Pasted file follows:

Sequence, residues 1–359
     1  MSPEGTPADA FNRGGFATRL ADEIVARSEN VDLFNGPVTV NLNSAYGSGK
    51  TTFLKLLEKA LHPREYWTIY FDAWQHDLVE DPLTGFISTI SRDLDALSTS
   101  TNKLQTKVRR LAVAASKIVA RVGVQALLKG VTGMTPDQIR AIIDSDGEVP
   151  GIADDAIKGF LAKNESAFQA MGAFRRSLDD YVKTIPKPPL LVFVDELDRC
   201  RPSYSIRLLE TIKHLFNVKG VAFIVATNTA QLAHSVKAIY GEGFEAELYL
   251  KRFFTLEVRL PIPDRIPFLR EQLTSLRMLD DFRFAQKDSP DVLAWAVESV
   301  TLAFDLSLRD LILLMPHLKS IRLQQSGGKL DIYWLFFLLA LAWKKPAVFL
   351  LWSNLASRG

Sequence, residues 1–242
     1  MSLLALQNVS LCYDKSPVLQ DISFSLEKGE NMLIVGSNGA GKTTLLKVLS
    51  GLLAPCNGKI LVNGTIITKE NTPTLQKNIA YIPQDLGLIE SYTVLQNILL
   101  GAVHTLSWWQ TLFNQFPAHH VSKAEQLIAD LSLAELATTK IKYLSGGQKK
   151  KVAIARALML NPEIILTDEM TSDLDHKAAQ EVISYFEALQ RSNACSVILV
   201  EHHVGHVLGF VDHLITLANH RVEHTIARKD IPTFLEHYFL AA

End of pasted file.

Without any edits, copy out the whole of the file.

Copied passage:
Sequence, residues 1–359
     1  MSPEGTPADA FNRGGFATRL ADEIVARSEN VDLFNGPVTV NLNSAYGSGK
    51  TTFLKLLEKA LHPREYWTIY FDAWQHDLVE DPLTGFISTI SRDLDALSTS
   101  TNKLQTKVRR LAVAASKIVA RVGVQALLKG VTGMTPDQIR AIIDSDGEVP
   151  GIADDAIKGF LAKNESAFQA MGAFRRSLDD YVKTIPKPPL LVFVDELDRC
   201  RPSYSIRLLE TIKHLFNVKG VAFIVATNTA QLAHSVKAIY GEGFEAELYL
   251  KRFFTLEVRL PIPDRIPFLR EQLTSLRMLD DFRFAQKDSP DVLAWAVESV
   301  TLAFDLSLRD LILLMPHLKS IRLQQSGGKL DIYWLFFLLA LAWKKPAVFL
   351  LWSNLASRG

Sequence, residues 1–242
     1  MSLLALQNVS LCYDKSPVLQ DISFSLEKGE NMLIVGSNGA GKTTLLKVLS
    51  GLLAPCNGKI LVNGTIITKE NTPTLQKNIA YIPQDLGLIE SYTVLQNILL
   101  GAVHTLSWWQ TLFNQFPAHH VSKAEQLIAD LSLAELATTK IKYLSGGQKK
   151  KVAIARALML NPEIILTDEM TSDLDHKAAQ EVISYFEALQ RSNACSVILV
   201  EHHVGHVLGF VDHLITLANH RVEHTIARKD IPTFLEHYFL AA